When you talk about prevention, you have to talk about preventing danger to children. Says Anna Hackman at Green Talk, "Mr. President-Elect, we need to stop the exposure of toxic chemicals by updating the 1976 Toxic Substance Chemical Act (TSCA). A law that grandfathered 62,000 chemicals presumed to be safe… It is a re-run not worth watching.”
Asks Anna, “Please explain to me why manufacturing companies are not required to provide health and safety studies prior to chemicals coming onto the market? 20,000 new chemicals have come onto the market since TSCA was enacted.” Enacting the Kid-Safe Chemical Act would “put the burden of proof on the chemical companies to prove that a chemical is safe before it is allowed on the market.
Green and Clean Mom's Sommer Poquette also argues in favor of the Kid Safe Chemical Act, noting in a letter addressed to President Obana, "You have children. I have children. We have that common bond and wanting to keep them safe and healthy is certainly your priority and mine. When your wife was pregnant did you ever test her umbilical cord for toxins after either of your daughters were born? We didn’t for my two children but if we had, we might have been surprised to find that there could have been over 300 industrial chemicals that were pre-polluting our babies in their safe wombs. Really who would think that a child is not safe inside their mother’s womb?"
Talking about food is the issue nearest and dearest to Karen Hanrahan. At Best of Mother Earth, she writes, "Our nation needs to shift the way we eat. To me, this begins with the seeds we plant and the way we farm them. It continues into priistine manufacturing practices and with policies that supports and reeducates families about getting back to eating locally and seasonally."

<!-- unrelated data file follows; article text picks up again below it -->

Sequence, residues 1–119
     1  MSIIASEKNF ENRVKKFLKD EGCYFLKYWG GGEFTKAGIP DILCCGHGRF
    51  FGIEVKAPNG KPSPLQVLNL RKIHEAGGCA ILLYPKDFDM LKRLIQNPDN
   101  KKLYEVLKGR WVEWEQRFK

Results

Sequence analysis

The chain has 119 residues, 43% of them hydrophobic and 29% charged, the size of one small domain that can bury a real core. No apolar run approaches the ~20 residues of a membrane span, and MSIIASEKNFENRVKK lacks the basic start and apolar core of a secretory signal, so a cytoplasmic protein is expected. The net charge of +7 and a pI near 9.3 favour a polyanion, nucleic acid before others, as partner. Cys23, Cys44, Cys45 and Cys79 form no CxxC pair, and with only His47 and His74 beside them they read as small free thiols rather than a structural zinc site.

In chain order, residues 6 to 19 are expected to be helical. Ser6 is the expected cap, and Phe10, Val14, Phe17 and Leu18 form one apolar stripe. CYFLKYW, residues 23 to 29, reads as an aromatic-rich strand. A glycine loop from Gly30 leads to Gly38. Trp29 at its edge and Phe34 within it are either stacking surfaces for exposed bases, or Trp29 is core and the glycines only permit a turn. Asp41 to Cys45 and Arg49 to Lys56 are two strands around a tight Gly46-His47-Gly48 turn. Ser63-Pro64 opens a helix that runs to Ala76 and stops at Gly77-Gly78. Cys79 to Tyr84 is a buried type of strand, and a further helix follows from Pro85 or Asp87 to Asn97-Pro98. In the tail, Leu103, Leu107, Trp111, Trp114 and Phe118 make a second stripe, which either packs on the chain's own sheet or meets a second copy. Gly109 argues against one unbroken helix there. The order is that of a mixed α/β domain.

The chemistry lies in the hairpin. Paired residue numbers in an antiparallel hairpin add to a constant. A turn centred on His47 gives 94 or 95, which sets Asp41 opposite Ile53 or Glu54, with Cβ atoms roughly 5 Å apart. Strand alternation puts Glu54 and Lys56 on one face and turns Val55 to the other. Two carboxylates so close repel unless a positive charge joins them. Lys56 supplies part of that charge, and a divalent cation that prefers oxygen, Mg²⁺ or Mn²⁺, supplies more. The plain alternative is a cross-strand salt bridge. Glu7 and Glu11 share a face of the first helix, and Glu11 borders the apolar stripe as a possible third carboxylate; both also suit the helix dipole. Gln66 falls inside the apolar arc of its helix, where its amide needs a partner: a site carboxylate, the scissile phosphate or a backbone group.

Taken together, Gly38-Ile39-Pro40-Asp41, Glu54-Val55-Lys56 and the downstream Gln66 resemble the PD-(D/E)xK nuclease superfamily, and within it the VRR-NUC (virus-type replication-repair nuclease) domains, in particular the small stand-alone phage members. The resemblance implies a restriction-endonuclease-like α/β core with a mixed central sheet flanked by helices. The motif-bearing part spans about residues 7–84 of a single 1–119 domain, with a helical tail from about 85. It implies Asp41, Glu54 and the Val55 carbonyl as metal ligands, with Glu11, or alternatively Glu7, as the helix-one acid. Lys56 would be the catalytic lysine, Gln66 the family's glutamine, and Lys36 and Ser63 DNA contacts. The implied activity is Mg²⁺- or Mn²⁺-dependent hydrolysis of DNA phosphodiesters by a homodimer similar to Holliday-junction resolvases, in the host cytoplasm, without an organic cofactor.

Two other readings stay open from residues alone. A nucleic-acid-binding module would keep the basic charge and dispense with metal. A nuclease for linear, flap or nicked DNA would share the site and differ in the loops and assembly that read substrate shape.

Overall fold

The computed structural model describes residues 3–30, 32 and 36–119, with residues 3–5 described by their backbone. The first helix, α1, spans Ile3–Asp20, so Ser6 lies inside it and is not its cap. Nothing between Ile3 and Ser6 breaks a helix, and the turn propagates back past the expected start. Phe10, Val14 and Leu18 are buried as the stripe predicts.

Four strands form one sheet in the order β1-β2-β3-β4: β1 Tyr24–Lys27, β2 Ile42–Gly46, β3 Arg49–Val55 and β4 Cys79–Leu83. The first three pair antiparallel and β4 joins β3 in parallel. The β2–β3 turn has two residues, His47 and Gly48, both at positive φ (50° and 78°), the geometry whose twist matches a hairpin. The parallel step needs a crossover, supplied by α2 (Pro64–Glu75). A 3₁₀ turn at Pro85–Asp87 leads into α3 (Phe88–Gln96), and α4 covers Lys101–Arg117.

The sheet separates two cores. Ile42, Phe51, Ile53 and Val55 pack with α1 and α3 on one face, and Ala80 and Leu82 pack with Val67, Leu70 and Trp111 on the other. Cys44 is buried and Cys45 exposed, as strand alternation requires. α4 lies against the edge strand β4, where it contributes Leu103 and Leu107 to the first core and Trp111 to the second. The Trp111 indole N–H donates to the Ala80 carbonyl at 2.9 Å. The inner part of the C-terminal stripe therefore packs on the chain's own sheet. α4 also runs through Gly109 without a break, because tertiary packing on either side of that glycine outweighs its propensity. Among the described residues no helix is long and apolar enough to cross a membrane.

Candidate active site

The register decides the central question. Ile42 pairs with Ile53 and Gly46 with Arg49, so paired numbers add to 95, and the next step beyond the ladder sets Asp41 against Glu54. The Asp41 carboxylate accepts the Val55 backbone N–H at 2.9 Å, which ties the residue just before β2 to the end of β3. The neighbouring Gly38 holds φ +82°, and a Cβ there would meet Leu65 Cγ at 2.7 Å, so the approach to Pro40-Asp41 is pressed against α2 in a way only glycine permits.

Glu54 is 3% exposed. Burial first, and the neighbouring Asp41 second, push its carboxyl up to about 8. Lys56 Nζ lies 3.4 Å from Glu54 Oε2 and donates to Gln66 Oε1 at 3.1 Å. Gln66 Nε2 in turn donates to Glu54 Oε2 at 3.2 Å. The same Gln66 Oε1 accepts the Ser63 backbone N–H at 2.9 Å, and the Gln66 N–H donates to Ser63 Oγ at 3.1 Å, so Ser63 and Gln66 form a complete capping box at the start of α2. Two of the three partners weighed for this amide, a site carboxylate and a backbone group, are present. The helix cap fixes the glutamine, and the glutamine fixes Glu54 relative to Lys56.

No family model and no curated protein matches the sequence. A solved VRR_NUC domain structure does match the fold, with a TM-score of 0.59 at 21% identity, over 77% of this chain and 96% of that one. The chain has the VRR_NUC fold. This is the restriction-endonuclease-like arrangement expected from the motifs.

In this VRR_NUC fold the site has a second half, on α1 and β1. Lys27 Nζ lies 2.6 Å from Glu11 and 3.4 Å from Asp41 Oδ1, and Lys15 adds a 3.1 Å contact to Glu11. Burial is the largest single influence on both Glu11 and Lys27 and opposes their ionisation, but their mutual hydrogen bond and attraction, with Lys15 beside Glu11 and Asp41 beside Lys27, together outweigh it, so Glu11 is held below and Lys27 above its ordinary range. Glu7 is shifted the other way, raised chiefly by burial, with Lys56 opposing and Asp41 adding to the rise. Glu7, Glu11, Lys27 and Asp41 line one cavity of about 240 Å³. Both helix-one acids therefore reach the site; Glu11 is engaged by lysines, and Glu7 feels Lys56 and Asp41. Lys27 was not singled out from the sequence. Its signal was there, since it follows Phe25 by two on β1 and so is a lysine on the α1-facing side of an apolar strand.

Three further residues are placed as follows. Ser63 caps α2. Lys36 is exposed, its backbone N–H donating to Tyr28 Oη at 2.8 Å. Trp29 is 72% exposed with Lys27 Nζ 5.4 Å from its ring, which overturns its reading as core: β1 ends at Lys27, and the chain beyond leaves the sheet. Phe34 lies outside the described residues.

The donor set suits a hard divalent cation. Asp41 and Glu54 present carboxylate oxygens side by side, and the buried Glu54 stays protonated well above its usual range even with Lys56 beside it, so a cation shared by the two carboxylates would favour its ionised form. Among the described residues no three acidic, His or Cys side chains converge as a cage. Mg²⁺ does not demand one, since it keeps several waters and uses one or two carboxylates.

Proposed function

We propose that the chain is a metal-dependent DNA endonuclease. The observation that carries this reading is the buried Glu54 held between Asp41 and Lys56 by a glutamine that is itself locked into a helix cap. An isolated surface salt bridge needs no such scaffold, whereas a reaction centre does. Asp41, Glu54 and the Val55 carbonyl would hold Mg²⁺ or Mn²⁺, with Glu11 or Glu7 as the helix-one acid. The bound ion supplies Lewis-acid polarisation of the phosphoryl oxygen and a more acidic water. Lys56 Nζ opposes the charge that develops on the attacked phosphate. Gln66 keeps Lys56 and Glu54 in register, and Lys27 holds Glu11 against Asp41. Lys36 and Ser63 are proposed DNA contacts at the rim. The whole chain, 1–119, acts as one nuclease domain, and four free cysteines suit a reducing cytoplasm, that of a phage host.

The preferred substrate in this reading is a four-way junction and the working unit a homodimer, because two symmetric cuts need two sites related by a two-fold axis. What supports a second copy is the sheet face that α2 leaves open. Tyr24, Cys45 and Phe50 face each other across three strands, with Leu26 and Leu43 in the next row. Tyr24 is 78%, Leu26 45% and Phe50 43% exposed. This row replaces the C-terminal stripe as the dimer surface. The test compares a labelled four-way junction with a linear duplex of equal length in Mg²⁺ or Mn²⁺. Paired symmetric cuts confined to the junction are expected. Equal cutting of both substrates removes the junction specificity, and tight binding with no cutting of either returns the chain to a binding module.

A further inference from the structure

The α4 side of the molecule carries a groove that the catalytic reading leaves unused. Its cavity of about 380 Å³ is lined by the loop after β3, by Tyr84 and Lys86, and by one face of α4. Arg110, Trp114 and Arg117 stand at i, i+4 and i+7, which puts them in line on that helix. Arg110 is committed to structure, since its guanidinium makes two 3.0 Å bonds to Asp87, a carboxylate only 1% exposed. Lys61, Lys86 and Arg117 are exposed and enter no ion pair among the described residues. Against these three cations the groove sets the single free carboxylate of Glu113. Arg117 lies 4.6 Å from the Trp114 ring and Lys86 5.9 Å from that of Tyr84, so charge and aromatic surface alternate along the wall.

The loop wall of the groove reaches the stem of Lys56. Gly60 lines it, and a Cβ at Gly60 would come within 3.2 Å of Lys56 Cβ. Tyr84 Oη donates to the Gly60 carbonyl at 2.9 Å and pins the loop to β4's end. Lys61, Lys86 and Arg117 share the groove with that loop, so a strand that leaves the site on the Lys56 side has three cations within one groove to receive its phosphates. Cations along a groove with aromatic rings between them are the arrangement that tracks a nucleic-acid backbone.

Michelle ("Green Bean") of Green Phone Booth agrees. "If the world switched to an organic agricultural system that relied on compost and cover crop, we could sequester up to 40% of current carbon emissions. But that is just the tip of the quickly melting ice berg. Rebuilding our food system would preserve open space, reduce toxins in the air, ground and water, nurture biodiversity, secure our food from terrorism, reduce obesity, and create tens of millions of green jobs," she writes.
Jennifer Taggart at The Smart Mama encourages President-Elect Obama to lead by example – starting with the White House. How about cleaning the residence with non-toxic chemicals? Drinking from reusable water bottles? Serving locally grown and organic food?
Heather at EnviroMom also volunteers to give the White House a green mansion makeover. While you’re thinking about scrubbing down the Lincoln bedroom with baking soda and vinegar, Heather encourages you to answer two interesting questions: 1)” What are some things you would be willing to change if our President-elect requested it (assuming that you respect him and believe in his reasoning)? 2) “If our government did issue 'environmental guidelines' — you know, kind of like the food pyramid — would you follow them?”
Micaela at Mindful Momma wraps it all up with a comprehensive list of "hopes and dreams" that would go a long way towards helping the Obama Administration think preventively about protecting the planet, including a reminder to uphold and strenghten organic agriculture standards, make food safety a top priority, and ensure the safety of children's toys, drinking bottles and personal care products.
Do you have your own questions to pose? We invite you to comment on any or all of these blogs; then head on over to The Prevention Agenda forum and add your ideas to the list. We'll be pulling together some recommendations prior to Obama's inauguration, and welcome your suggestions.